In a meta-analysis conducted by Webster et al AJSM 2014 found that in patients younger than 20 years of age at the time of surgery, 29% sustained a subsequent ACL injury to either knee. The odds for sustaining an ACL graft rupture or contralateral injury increased 6- and 3-fold, respectively, for patient younger than 20 years.
Returning to cutting/pivoting sports increased the odds of graft rupture by a factor of 3.9 and contralateral rupture by a factor of 5. Also, a positive family history doubled the odds for both graft rupture and contralateral ACL injury.

In a study conducted by Wiggins et al AJSM 2016 found that secondary ACL injury rate (ipsilateral and contralateral) for patients younger than 25 years was 21%. The secondary ACL injury rate for athletes who return to a sport was also 20%. Combining these risk factors, athletes younger than 25 years who return to cutting, pivoting or jumping sport have a secondary ACL injury rate of 30%.

Are orthopedic surgeons and physical therapist appropriately counseling patients regarding ACL reconstructive surgery?

Patients see the successful ACL reconstructive surgery outcome on TV and social media.

What should orthopedic surgeons and physical therapist be counseling patients regarding ACL reconstructive surgery?

– Just because you have an ACL reconstruction, doesn’t mean that you will return to sport at all, and most likely not at the same level of performance.
– Your risk of reinjury is high in the near term or short after returning to play, reinjury is higher if you are younger, higher (ipsilateral or same side) if you are male and (contralateral or opposite side) if you are female.
– Regardless of the type of ACL reconstruction surgery, your risk of developing osteoarthritis is high in the long-term and if you need a revision of the ACL reconstruction surgery the risk of osteoarthritis is higher.

At Physical Therapy First we believe that providing true sport physical therapy requires a physical therapist who is “evidence informed and clinically astute”. Physical Therapy First works hard to stay well-informed with the best and latest true sports physical therapy research and our residency / fellowship trained physical therapist are clinically skilled and astute. We believe this makes a true difference in our patient physical outcomes and successful return to sports.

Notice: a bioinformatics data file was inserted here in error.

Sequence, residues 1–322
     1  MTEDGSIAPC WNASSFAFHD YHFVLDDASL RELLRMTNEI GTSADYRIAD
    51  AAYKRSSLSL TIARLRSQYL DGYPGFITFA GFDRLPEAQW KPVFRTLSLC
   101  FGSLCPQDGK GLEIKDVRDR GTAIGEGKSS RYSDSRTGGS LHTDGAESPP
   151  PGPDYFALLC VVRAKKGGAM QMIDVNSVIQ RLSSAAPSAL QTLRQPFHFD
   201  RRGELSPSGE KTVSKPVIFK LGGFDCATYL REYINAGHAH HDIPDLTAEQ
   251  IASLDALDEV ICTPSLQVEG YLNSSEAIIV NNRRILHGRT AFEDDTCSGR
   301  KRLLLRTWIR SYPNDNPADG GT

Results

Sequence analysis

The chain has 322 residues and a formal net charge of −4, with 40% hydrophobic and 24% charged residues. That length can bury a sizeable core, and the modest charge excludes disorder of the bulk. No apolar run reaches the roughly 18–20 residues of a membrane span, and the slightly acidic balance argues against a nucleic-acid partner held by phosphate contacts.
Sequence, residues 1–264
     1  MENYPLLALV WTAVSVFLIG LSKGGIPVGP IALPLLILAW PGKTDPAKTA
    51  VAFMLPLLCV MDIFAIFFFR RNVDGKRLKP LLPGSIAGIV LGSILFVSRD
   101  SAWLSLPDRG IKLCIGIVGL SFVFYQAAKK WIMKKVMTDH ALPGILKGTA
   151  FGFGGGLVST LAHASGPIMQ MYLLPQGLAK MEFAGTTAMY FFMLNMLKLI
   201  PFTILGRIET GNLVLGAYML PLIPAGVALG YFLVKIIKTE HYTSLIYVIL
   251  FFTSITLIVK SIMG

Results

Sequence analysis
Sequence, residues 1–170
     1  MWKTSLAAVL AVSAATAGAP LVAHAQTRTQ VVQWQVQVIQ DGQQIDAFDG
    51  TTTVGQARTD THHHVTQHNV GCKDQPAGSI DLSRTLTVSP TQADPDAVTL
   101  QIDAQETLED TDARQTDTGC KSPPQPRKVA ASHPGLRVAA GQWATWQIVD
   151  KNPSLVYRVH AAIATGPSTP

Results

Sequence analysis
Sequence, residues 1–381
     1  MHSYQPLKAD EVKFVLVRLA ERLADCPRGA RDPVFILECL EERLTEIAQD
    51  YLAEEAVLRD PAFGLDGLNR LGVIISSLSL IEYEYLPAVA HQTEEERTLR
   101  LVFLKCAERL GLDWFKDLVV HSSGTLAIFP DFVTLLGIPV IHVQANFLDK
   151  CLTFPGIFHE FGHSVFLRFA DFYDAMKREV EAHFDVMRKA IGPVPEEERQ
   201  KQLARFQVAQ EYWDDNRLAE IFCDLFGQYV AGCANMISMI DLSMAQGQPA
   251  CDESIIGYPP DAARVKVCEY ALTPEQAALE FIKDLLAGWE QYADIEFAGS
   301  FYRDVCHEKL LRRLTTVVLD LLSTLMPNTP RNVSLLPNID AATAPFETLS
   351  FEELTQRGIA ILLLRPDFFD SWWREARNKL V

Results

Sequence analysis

References:

Shah VM, Andrews JR, Fleisig GS, McMichael CS, Lemak LJ. Return to play after anterior cruciate ligament reconstruction in National Football League athletes. Am J Sports Med. 2010 Nov; 38 (11): 2233-9.

Kaeding CC, Pedroza AD, Reinke, EK, Laura J. Huston, LJ, MOON Consortium, and Spindler, KP. Risk Factors and Predictors of Subsequent ACL Injury in either Knee after ACL Reconstruction: Prospective Analysis of 2488 Primary ACL Reconstructions from the MOON Cohort. Am J Sports Med. 2015 Jul; 43(7): 1583–1590.

Ardern CL, Webster KE, Taylor NF, Feller JA. Return to sport following anterior cruciate ligament reconstruction surgery: a systematic review and meta-analysis of the state of play. Br J Sports Med, 2011.

Feucht MJ, Cotic M, Saier T, Minzlaff P, Plath JE, Imhoff AB, Hinterwimmer S. Patient expectations of primary and revision anterior cruciate ligament reconstruction. Knee Surg Sports Traumatol Arthrosc. 2016 Jan;24(1):201-7. doi: 10.1007/s00167-014-3364-z. Epub 2014 Oct 2.

Paterno MV, Rauh MJ, Schmitt LC, Ford KR, Hewett TE. Incidence of second ACL injuries 2 years after primary ACL reconstruction and return to sport. Am J Sports Med. 2014;42(7):1567–1573.

Webster KE, Feller JA, Leigh WB, Richmond AK. Younger patients are at increased risk for graft rupture and contralateral injury after anterior cruciate ligament reconstruction. Am J Sports Med. 2014;42(3):641–647.
Wiggins Amelia, Grandhi Ravi, Schneider Daniel, Stanfield Denver, Webster Kate, Myer Gregory. Risk of secondary injury in younger athletes after anterior cruciate ligament reconstruction: A systematic review and meta-analysis Am J. Sports Med. 2016 July; 44(&): 1861-1876

Lynch A D, Logerstedt D S, Grindem H, Eitzen I, Hicks G E, Axe M J, Engebretsen L, Risberg M A, Snyder-Mackler L. Consensus criteria for defining ‘successful outcome’ after ACL injury and reconstruction: a Delaware-Oslo ACL cohort investigation. British Journal of Sports Medicine Mar 2015, 49 (5) 335-342.

NSMC (June 2016) Lynn Snyder-Mackler – Is there a place for non-operative treatment for ACL tears presentation.